William Penn C. Yonge (no source has yet provided his full name) was, according to Horace King’s biographers, from Marianne, Florida and had returned to the South after going to California for the Gold Rush. He married, Mary, the oldest daughter of John Godwin, a Columbus, Georgia builder. Godwin had moved from South Carolina to Columbus, located just 30 miles southeast of Opelika, with Horace King to build a bridge across the Chattahoochee River, the river divides Georgia from Alabama from Columbus south to Florida. Quite possibly, money that Yonge had earned in the Gold Rush provided the capital for him to build a house as well as going into business. Yonge, with two other investors created the Chewacla Lime Company in 1851 and it was around this time that he also built Spring Villa. It’s important to note the area’s geology includes large amounts of limestone as well as quartz, both of which are believed to provide energy to spirits.
Horace King, John Godwin’s building companion, is a fairly important name in the South. An African-American, King distinguished himself as an important architect and builder, especially of bridges. King constructed massive town lattice truss bridges over most major rivers throughout the Deep South. At the time of the building of Spring Villa, King was a freedman, but as a slave, Godwin had been his master. Though records do not exist, it is quite possible that King was both the designer and builder of Spring Villa with some aid from the owner’s father-in-law, John Godwin.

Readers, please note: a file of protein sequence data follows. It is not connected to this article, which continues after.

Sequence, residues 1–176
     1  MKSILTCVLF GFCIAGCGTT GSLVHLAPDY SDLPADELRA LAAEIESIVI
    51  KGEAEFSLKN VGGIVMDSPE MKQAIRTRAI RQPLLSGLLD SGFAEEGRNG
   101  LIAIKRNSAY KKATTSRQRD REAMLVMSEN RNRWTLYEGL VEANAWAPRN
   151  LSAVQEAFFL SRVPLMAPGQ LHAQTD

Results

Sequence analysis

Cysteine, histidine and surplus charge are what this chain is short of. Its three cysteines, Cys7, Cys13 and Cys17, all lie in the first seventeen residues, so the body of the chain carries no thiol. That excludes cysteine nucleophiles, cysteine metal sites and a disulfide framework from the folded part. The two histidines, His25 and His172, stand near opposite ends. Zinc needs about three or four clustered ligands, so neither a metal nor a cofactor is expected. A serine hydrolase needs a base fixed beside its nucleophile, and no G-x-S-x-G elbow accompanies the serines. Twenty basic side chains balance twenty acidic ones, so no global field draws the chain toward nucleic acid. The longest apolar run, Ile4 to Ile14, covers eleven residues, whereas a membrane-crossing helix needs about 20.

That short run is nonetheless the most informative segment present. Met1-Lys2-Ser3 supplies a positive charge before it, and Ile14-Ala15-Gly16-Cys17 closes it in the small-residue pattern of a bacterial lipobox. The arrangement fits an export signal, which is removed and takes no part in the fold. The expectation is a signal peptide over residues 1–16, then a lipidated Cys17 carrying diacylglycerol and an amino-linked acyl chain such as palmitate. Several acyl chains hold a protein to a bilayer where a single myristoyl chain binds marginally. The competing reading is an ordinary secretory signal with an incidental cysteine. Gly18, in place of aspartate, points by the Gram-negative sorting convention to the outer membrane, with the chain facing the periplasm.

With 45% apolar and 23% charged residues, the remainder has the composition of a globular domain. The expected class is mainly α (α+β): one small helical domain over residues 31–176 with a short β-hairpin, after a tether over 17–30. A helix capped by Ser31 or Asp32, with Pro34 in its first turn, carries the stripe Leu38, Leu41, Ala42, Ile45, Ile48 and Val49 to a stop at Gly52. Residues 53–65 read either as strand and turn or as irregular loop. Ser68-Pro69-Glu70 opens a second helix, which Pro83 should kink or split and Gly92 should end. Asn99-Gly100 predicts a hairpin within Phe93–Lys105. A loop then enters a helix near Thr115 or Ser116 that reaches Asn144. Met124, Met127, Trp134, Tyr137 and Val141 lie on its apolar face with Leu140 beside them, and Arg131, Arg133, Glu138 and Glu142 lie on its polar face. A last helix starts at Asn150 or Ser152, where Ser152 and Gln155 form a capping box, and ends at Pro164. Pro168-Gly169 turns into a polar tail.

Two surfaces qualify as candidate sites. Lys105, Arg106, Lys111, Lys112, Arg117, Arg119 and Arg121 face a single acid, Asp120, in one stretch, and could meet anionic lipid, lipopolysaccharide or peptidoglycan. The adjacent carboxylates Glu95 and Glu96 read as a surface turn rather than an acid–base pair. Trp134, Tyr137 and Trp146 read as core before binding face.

|Spring Villa from the front. Photograph by the author, |
2010. All rights reserved.